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Hardwood Tree Improvement and Regeneration Center

[photo:] The Hardwood Tree Improvement and Regeneration Center is a collaboration focusing on hardwood tree species nationwide.  Photograph shows a black walnut tree.The Hardwood Tree Improvement and Regeneration Center (HTIRC) is advancing the science of hardwood tree improvement, genomics, physiology, protection, and utilization in the hardwood region of the United States by

  • Developing and disseminating information on improving the genetic quality of hardwood tree species and conserving fine hardwood germplasm.
  • Developing elite hardwood trees for restoration and regeneration of sustainable hardwood forests and riparian zones for production of forest products and maintenance of genetically diverse ecosystems.
  • Increasing knowledge and developing systems for nursery production and plantation establishment.
  • Increasing knowledge and developing strategies for protection, utilization and marketing of the hardwood resource.
  • Developing recognized and respected science leaders in forest genetics, physiology, regeneration, protection and utilization.

The HTIRC is unique in several aspects: it has a national focus on hardwoods; it is a true partnership of federal, state, university, industry, and landowner groups that contribute financial support and advice; and it is generating basic knowledge and technologies in hardwood tree genomics, improvement, regeneration, protection, and utilization for tree nurseries, industry, public agencies, and landowners.


The Forest Service has partnered with many organizations to make this project a success.

Acres of Forest Affected:

(100,000 in Indiana, and 25,000 more
throughout the Midwest)


60, including NRS
and Purdue personnel

Active National Forests Involved:
Annual Budget of HTIRC:

$ 900,000 from the Forest Service,
$3 million total



To date, the HTIRC partnership has

  • Developed hardwood (oak and walnut) molecular markers for use in determination of genetic quality and population structure of current natural forests and plantations, and quantitative genes in superior hardwood trees.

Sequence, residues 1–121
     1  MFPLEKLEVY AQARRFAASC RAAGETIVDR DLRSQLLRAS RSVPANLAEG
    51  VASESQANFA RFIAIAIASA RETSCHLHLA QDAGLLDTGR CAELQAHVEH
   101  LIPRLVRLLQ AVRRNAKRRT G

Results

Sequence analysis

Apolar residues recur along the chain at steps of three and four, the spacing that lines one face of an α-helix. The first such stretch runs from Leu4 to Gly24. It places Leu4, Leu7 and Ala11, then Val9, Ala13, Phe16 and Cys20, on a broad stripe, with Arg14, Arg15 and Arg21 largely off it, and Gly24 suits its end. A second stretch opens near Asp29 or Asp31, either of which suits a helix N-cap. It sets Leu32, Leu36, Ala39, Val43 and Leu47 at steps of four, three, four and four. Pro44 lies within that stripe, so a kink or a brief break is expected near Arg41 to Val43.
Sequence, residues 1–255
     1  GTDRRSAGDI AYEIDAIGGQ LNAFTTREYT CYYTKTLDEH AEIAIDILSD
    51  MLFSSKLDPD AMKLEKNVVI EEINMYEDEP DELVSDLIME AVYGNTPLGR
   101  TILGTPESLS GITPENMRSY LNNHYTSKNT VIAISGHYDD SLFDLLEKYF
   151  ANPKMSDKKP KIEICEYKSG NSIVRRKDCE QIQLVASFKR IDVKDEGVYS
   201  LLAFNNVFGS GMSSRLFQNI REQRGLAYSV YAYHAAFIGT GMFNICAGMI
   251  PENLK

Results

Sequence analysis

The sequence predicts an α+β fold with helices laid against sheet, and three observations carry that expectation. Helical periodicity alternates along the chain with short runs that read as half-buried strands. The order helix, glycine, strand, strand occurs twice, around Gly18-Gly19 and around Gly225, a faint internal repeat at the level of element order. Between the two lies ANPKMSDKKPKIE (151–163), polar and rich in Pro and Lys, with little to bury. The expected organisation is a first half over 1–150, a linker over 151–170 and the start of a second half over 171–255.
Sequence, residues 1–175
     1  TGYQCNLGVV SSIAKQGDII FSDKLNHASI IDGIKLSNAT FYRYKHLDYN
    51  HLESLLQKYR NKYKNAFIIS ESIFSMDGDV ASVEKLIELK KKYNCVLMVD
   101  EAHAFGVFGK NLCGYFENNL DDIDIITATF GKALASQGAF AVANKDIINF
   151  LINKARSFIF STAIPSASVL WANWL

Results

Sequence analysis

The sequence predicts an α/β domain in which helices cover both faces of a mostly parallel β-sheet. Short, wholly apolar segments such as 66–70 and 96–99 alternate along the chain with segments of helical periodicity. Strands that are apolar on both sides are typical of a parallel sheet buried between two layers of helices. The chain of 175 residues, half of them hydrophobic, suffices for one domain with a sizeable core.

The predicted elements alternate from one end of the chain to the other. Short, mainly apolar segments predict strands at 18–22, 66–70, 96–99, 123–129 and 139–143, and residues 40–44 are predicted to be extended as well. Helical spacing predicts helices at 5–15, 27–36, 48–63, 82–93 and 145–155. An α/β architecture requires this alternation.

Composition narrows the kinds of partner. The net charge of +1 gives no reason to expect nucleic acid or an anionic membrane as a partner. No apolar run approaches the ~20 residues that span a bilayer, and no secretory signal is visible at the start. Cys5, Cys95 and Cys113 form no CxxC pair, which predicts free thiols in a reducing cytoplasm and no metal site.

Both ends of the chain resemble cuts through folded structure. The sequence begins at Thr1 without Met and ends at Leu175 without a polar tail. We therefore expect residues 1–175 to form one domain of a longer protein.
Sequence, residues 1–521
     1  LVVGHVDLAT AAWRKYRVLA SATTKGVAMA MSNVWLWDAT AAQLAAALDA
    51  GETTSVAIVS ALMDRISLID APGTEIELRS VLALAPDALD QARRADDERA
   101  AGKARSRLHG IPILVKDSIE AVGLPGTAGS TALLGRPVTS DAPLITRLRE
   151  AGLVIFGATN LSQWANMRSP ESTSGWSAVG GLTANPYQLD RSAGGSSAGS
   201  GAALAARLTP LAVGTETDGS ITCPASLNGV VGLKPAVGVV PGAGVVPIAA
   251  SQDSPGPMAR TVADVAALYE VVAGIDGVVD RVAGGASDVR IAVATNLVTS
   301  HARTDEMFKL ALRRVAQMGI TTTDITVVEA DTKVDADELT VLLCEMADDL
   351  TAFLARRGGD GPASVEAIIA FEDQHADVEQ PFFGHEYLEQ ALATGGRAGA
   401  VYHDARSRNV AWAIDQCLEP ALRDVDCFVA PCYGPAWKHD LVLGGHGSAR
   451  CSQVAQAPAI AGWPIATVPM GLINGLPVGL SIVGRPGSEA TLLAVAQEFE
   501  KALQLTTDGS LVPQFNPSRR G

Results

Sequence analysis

• Developed vegetative and tissue culture propagation technologies for use in genomics research and mass propagation systems for superior and disease-resistant trees.
  • Developed nursery guides for production of quality seedlings and forest management guides for regeneration and reforestation of degraded agricultural land and riparian zones.
  • Developed breeding and selection programs for black walnut, black cherry, and northern red oak.


The HTIRC has helped to add 100,000 acres of new hardwood forestland in Indiana in the last decade. Two threatened and endangered species – American chestnut and butternut – are being restored. Additional forestland and the additional species will maintain the hardwood industry and associated jobs in the state and the Midwest.  

Lessons Learned

The strength of the HTIRC is its ability to perform basic, applied and developmental research so the basic genetic knowledge that is created will be delivered to industry and private landowners in value-added products rather than knowledge that only benefits the scientific community.

[photo:] Guillermo Pardillo, Deputy CEO of ArborAmerica“For ArborAmerica, being a member of HTIRC represents an excellent opportunity to gain first-hand access to cutting edge research and technologies on several fields that are relevant to our commercial interests. As we develop our own know-how, our partnership with HTRIC allows us to focus on science based, tested pathways that are backed by a comprehensive team of first class researchers operating under a structured program. The synergies between research and commercial interests and the addition of value in the process are impressive.”
--Guillermo Pardillo, Deputy CEO of ArborAmerica

Partner Organizations

Last Modified: July 31, 2019